Sunday, April 21, 2013

Are we heading for shoal waters?

Source: "Unemployment and Inflation" by Paul Krugman in The New York Times
Krugman writes:
(W)hat the Phillips curve with expected inflation implied was “clockwise spirals” in unemployment-inflation space. Suppose you came into a recession with, say, 10 percent inflation. This inflation rate would fall in the face of high unemployment — and expected inflation would eventually fall too, so that when unemployment fell again inflation would remain lower than it was pre-recession   (until the next boom). 
Both the slump of the mid-1970s and the slump of the early 80s fitted this pattern, but the recent slump has not.
The great recession is appears to be a "balance sheet recession" where banks and firms have seen a large decline in their balance sheets due to falling asset prices and bad loans. It is different from those in the 70s and 80s in that the U.S. and European central banks have been pumping huge amounts of money into the economy. The infusions of cash into the economy have kept inflation relatively constant as unemployment increased and started to increase again.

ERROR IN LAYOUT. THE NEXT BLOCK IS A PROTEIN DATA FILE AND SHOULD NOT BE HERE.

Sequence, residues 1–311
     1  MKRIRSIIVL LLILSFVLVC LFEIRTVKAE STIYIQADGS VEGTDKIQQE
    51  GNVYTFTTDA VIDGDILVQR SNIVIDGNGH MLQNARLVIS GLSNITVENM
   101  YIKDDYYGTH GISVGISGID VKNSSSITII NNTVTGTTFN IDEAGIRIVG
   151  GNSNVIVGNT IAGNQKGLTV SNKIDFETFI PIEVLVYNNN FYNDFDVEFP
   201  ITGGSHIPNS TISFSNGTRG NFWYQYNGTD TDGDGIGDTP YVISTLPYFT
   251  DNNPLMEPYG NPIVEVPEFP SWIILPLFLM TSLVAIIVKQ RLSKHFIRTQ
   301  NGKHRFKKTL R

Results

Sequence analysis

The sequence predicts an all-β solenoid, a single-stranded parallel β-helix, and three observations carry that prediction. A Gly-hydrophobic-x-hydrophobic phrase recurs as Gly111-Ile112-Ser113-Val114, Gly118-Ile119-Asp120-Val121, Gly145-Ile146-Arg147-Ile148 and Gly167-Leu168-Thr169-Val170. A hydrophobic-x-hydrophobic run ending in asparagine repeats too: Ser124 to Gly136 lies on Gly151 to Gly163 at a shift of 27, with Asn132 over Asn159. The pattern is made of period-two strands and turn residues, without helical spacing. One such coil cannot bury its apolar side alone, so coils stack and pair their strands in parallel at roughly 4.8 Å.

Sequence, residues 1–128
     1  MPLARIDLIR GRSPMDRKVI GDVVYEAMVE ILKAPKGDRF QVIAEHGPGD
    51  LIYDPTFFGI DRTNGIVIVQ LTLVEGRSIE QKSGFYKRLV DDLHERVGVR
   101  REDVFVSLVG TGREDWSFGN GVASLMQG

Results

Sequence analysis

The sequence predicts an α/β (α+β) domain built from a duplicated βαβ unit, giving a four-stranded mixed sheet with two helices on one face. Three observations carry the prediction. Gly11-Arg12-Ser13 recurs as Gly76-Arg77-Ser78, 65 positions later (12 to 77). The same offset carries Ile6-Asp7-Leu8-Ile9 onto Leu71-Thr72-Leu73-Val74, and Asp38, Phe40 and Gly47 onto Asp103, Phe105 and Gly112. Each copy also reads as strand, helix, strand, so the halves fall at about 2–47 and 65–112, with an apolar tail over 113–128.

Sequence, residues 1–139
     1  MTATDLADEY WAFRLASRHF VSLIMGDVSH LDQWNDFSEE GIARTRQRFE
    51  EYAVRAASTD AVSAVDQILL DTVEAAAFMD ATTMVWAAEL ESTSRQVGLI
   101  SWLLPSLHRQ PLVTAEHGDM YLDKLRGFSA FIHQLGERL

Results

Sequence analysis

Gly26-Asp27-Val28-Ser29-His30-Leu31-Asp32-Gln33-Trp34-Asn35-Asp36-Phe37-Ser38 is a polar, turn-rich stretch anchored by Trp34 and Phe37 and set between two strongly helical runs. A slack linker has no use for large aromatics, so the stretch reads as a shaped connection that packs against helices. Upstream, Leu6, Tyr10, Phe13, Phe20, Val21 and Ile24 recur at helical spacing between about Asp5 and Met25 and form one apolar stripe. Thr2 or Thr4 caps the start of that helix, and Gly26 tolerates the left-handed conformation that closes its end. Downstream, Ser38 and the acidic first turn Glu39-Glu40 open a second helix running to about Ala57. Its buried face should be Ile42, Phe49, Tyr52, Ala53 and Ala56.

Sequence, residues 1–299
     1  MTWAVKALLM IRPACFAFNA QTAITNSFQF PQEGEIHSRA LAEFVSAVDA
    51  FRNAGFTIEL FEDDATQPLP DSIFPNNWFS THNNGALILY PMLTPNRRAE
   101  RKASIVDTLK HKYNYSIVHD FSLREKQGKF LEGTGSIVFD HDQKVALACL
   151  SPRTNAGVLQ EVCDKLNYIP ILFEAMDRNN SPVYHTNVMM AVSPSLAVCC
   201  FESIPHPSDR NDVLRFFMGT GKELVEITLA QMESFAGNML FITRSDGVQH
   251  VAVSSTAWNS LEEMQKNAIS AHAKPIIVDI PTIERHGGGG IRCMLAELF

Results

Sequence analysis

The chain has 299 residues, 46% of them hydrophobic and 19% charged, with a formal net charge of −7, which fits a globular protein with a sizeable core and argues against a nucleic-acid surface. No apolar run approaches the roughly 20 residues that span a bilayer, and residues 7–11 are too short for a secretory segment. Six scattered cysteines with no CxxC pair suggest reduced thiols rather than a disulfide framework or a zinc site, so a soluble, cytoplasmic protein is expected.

One of the members of my book club holds that the bad loans made during the housing bubble are largely still on the books of existing firms and there will have to be foreclosures and fire sales of the collateral. He also suggests that we don't know how the central banks will unwind their monetary policies nor how the national governments will unwind their fiscal policies that were put in place to deal with unemployment and lack of economic growth. We may be heading not only into uncharted waters, but dangerous ones.

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